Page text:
The Later Adulthood

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As people age, they grow fatigued, exhausted, and worn down in all aspects, including their physical, mental, psychological, and emotional setups, according to psychologist Erik Erickson (Weiland, 1993). As people get older, they stop participating in life activities and, in general, they stop being productive. At this time, everyone is focusing on their integrity, which is only restricted to those who reflect on their history and find it useful, resulting in inner satisfaction. Nonetheless, some people who reflect on their past and realize that they never lived up to their potential, their expectations, or the hopes of society experience sorrow and unhappiness. Losing morale, developing depression, and reduced hope for the rest of their lives is characteristic of this category, hence the integrity versus despair theory (Wink & Dillon, 2003). All these features mirror the late adulthood, which has been argued out of scholarly research to the beginning at the age of 65 years to death. In the interview conducted to examine the developmental stages common to persons in the late adulthood stage, the interviewee revealed a couple of common encounters in the developmental stage, however, other elements that do manifest in his life at the late adulthood stage were contrary to the scholarly arguments (Rathus, 2016). For the sake of privacy and confidentiality, his name will be concealed, and the letter J will be used to refer to him instead. Other than the physical, psychological, cognitive, and emotional characteristics of Mr. J, the theorists and their respective theories are outlined.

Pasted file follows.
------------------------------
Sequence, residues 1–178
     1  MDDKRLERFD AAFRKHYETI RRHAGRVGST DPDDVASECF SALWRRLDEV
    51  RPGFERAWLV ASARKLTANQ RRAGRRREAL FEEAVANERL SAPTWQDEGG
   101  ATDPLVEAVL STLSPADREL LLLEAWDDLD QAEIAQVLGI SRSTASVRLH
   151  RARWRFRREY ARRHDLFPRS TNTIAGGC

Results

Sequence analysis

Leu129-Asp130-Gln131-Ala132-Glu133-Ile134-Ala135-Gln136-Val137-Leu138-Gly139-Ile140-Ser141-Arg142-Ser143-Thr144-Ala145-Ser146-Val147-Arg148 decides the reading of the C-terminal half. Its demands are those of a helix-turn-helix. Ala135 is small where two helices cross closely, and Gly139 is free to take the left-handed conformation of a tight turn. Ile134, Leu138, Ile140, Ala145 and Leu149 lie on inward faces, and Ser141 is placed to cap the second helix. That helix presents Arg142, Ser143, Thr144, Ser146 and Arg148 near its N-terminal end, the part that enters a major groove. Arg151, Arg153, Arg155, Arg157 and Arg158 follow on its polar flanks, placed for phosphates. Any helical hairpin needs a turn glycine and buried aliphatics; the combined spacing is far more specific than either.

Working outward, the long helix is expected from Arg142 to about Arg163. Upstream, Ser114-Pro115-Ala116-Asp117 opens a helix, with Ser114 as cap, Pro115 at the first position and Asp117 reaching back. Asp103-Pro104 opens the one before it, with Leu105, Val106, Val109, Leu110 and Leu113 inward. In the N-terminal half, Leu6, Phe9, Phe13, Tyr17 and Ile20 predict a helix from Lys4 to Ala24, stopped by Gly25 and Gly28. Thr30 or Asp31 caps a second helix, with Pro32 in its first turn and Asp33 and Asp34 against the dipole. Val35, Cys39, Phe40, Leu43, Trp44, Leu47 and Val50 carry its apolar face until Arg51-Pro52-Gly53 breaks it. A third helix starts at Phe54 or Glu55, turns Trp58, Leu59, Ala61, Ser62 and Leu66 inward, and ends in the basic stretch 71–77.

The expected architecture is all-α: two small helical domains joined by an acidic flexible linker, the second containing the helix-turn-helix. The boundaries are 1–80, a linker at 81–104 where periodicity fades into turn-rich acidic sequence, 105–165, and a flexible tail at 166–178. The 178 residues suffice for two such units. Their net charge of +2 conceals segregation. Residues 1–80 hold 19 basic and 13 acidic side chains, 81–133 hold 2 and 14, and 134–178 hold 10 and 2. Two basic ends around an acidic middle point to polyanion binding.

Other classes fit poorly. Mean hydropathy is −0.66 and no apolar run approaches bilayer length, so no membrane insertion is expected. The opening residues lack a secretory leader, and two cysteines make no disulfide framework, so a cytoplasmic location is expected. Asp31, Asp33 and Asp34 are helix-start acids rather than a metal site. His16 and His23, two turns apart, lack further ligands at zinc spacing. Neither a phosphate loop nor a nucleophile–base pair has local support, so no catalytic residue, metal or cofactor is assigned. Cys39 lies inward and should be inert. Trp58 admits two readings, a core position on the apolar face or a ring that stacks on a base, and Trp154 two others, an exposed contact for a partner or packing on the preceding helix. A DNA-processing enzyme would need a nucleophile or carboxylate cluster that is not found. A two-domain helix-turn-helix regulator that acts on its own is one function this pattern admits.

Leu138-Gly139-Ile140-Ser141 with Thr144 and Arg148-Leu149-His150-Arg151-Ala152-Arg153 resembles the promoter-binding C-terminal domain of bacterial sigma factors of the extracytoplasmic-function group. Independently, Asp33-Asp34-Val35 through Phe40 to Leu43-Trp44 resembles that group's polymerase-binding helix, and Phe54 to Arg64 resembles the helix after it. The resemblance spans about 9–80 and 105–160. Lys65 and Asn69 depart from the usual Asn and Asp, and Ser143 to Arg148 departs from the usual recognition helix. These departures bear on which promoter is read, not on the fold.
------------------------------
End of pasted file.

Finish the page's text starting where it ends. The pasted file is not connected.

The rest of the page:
Physical Changes

Of all the human developmental stages, the late adulthood is the final stage of physical changes in the human body. Once people enter the late adulthood, their life expectancy is dependent on a myriad of variables including the medical care, social set ups, economic well-being, and religion. While interviewing Mr. J, at 73 years of age, he manifested with diminishing muscle strength, reduced skin elasticity, and his response time was longer than it could be for individuals in their middle adulthood or lower (Wink & Dillon, 2003). His eyes had developed average vision loss, although he did not present with cataracts as it would be for a majority of the old men of his age. While interacting with him, it was noted that his recognition of touch, noise, and the smell was relatively low, considering the environment the interview was held. Studies have shown that people in the late adulthood are often diagnosed with terminal illnesses like cancer, depression, cardiovascular maladies, and diabetes among others. Nevertheless, contrary to this, Mr. J said his health was sound, and that he had not been under a critical medical diagnosis for the last three decades. Nevertheless, Mr. J indicated that he was experiencing a loss of stability and loses balance occasionally to fall down while walking faster than usual or running errands in his local home.